E.g., 12/16/2018
E.g., 12/16/2018

Interview with John Kohl (SAS)

By: GALA - SAS


02 May 2008

The author speaks with GALA about his recently published book, The Global English Style Guide: Writing Clear, Translatable Documentation for a Global Market.

What was your motivation for developing the Global English guidelines?

I've studied foreign languages (German, French, Russian, Spanish) and have taught English to non-native speakers. As a result, I have a lot of empathy and understanding for people who are reading in what, for them, is a foreign or second language.  I understand how much of a difference the style and vocabulary in a document can make to a non-native speaker's ability to comprehend the material.

What made you decide to publish the guidelines?

After I spoke about some of the Global English guidelines at the Localization World conference in Seattle in 2005, several localization professionals approached me and encouraged me to publish the guidelines.  The same thing had happened previously at STC (Society for Technical Communication) conferences.  Every time I’ve spoken about Global English at conferences, translators and other localization professionals have told me “I wish your guidelines were available for me to give to my customers.”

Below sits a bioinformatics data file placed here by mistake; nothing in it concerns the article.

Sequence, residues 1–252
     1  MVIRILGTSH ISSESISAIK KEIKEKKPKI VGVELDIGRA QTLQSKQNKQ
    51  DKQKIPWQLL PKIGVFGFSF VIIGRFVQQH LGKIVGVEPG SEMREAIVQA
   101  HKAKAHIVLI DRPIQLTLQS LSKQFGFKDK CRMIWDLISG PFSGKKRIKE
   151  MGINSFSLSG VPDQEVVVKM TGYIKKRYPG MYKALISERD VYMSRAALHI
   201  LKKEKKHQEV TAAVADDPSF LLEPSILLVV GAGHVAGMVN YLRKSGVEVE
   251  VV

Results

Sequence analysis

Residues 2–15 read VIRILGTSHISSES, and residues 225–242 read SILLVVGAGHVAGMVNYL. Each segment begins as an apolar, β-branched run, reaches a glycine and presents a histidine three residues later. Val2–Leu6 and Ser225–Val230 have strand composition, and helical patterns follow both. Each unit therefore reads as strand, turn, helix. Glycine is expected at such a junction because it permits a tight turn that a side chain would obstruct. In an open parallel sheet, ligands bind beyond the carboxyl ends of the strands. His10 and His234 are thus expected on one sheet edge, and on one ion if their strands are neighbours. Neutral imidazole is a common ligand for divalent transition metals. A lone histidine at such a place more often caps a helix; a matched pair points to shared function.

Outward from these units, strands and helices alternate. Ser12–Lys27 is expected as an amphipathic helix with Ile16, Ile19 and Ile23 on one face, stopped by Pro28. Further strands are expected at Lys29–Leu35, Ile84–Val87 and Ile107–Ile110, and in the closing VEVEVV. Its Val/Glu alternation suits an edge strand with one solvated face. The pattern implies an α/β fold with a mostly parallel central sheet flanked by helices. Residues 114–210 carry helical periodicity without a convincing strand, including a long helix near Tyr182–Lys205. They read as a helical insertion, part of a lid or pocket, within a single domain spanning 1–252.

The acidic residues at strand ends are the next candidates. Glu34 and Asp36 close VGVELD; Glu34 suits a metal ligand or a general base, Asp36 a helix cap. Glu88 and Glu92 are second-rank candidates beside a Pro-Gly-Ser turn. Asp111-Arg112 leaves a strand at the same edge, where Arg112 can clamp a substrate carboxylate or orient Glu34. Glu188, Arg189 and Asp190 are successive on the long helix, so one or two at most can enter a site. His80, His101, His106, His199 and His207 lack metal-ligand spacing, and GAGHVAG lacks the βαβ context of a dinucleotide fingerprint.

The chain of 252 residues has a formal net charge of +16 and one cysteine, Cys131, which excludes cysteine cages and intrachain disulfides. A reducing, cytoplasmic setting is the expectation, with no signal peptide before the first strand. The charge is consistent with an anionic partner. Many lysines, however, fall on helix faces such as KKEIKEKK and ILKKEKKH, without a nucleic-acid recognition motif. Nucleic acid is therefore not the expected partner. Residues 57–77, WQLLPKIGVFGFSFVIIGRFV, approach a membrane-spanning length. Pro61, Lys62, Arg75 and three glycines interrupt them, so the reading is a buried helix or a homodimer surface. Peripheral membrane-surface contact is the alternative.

Finally I pitched the idea of publishing the guidelines to my management at SAS, and I was pleasantly surprised that they said yes.

You write about authors sometimes resisting "controlled authoring.”  How do you avoid crossing that line?  And what has the reception been like for these guidelines within your division at SAS?

I used the term “controlled authoring” in the book because that term has been in use for quite a while.  But at SAS we avoided using that term because it has negative connotations and because it really doesn’t describe how we use our authoring software.  We used the name Assisted Writing and Editing (AWE) to encompass our implementation of acrocheck™ software plus a couple of other related tools and processes.  More recently, I’ve started using the term “language quality-assurance software” when I discuss this technology with people outside of SAS.